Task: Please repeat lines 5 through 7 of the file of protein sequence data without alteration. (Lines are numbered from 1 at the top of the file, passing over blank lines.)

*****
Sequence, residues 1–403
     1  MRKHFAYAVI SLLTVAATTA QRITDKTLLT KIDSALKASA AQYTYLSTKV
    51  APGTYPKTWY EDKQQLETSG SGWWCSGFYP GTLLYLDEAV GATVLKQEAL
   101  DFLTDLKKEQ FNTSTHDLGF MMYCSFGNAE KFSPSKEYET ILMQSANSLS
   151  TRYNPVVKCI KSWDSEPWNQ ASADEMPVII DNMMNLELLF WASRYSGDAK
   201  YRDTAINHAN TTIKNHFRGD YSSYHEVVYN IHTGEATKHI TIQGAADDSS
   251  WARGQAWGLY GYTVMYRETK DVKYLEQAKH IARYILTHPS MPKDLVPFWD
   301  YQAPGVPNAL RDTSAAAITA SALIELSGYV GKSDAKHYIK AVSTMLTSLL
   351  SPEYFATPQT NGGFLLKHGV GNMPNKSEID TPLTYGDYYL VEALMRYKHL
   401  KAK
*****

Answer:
   151  TRYNPVVKCI KSWDSEPWNQ ASADEMPVII DNMMNLELLF WASRYSGDAK
   201  YRDTAINHAN TTIKNHFRGD YSSYHEVVYN IHTGEATKHI TIQGAADDSS
   251  WARGQAWGLY GYTVMYRETK DVKYLEQAKH IARYILTHPS MPKDLVPFWD